Anyone who appears to have a financial interest in an estate may contest the validity of a last will and testament pursuant to rule 75.01 of the Rules of Civil Procedure. If someone meets this requirement, they are said to have “standing” to challenge the will.
Most often it is a family member of the deceased who was named in a prior will or who would be entitled to inherit under an intestacy who is seeking to have the will declared invalid. Having a relationship with the deceased, or even being an immediate family member, is not enough. You must meet the requirement under rule 75.01 to challenge a will.
A recent case from the Ontario Court of Appeal confirms that you cannot proceed with a will challenge unless you have standing. In Moses v Moses, 2021 ONCA 662, a son sought to have his father’s will declared invalid on the grounds that he was unduly influenced. The last will was signed only three months before the father’s death in 2019 (“2019 Will”) and did not provide anything for the son. However, the father’s previous will, executed in 1996 (“1996 Will”), also did not include the son. Therefore, even if the 2019 Will was invalid, the son would still not receive anything under the 1996 Will.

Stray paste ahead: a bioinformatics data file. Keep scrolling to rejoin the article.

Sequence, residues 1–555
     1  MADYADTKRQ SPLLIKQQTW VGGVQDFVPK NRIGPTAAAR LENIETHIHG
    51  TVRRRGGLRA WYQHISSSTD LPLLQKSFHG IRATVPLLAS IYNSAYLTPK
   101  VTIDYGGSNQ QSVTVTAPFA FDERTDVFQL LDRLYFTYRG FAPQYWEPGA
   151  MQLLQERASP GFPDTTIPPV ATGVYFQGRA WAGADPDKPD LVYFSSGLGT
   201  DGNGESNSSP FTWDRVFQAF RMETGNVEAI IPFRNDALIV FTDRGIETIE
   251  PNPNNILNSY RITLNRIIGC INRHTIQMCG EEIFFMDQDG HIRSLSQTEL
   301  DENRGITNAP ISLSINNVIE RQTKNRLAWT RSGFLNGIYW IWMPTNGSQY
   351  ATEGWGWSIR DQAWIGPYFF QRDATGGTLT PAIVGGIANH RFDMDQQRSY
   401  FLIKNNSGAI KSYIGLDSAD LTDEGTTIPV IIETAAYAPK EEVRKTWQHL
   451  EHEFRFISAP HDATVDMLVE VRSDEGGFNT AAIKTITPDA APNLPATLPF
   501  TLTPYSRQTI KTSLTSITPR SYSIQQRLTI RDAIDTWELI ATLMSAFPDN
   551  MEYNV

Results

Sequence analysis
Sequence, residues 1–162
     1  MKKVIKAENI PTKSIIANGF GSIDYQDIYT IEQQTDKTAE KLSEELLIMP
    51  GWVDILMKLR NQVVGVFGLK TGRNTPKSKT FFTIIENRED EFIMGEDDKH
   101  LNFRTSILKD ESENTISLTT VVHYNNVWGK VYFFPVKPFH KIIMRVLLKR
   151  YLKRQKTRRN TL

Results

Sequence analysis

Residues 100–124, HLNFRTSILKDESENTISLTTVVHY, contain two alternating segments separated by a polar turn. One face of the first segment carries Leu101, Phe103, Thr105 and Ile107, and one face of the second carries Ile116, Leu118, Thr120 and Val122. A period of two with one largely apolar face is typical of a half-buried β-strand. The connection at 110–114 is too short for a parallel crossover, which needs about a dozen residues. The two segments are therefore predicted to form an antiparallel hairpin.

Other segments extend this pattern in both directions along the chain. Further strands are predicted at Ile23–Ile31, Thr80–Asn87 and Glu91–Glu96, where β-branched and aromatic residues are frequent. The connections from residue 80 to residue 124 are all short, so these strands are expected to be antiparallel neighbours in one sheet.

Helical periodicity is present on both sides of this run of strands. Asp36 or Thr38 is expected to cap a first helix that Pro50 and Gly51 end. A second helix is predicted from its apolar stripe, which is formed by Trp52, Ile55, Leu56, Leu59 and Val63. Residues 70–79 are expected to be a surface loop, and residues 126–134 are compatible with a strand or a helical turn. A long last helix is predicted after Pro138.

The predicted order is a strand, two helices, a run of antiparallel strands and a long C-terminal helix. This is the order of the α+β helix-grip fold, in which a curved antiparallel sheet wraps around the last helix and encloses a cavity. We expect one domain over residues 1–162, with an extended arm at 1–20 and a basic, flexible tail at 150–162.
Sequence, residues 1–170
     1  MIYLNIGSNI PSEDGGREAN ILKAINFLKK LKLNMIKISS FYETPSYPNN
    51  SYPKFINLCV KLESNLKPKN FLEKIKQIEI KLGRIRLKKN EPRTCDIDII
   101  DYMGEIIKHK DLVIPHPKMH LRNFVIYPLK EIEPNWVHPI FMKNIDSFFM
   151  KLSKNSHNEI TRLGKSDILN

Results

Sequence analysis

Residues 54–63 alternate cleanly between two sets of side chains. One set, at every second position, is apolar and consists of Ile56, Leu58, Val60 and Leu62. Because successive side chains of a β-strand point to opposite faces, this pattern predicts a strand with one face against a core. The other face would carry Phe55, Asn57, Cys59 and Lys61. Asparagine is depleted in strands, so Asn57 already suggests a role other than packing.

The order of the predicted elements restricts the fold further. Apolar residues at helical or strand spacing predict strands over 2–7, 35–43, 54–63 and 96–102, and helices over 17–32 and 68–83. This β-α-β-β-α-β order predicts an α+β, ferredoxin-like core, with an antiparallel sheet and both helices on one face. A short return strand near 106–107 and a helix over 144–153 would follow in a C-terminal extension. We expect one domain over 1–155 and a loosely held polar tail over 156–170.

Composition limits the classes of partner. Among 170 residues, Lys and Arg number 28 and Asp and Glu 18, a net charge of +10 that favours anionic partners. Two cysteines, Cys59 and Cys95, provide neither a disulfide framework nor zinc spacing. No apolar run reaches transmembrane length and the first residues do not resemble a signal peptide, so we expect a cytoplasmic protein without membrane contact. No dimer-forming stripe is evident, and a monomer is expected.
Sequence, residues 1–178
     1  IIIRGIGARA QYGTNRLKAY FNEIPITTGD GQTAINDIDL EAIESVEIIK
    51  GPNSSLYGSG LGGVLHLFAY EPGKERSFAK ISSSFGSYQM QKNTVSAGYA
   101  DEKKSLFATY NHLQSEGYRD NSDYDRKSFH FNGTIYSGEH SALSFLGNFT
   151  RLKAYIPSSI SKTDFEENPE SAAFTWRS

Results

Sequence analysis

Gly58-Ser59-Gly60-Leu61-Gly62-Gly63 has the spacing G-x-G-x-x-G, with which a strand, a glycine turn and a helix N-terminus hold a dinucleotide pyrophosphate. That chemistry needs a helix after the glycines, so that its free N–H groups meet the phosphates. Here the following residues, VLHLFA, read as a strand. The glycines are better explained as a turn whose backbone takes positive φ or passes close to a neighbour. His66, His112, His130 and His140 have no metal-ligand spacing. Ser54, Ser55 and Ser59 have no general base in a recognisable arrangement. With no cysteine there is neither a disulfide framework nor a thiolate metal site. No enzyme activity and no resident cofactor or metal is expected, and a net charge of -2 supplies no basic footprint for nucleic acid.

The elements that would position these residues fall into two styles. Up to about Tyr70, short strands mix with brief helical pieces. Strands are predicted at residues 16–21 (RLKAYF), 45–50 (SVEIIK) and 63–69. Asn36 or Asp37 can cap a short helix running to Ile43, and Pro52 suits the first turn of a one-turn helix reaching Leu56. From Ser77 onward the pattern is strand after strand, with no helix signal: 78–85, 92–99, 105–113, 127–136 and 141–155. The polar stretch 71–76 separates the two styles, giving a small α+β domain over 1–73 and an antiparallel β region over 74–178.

The Court of Appeal held that the son did not have a financial interest in his father’s estate as he would not inherit even if the 2019 Will was declared invalid, and therefore did not have standing to challenge the 2019 Will.
The son also tried to argue that he had standing to challenge the 2019 Will under section 23 of the Estates Act because he had made a claim against the estate based on proprietary estoppel. Section 23 of the Estates Act reads as follows:
Citation of persons interested
23 Where a proceeding is commenced for proving a will in solemn form or for revoking the probate of a will on the ground of the invalidity thereof or where in any other contentious cause or matter the validity of a will is disputed, all persons having or pretending to have an interest in the property affected by the will may, subject to this Act and to the rules of court, be summoned to see the proceeding and may be permitted to become parties, subject to such rules and to the discretion of the court.
The Court of Appeal also rejected this argument as the proprietary estoppel claim against the estate did not depend on whether or not the 2019 Will was valid.
Just because a person has a financial interest in an estate and standing to challenge the will, it does not mean they will be successful or even allowed to proceed past a preliminary stage of the process – certain minimum evidentiary thresholds must be met. Put another way, just because someone may challenge a will, it does not mean that the court will allow it – the court has discretion to decide whether the challenge should be allowed to proceed.
Court applications to challenge a will are legally and procedurally complex matters, and there are usually high emotional stakes for those involved. Our team has represented clients through all stages of the process and on both sides of the case – those defending the will as well as those seeking to have it set aside.
One of the lawyers from our Estate Litigation group would be pleased to meet with you to discuss your options. Please do not hesitate to contact us.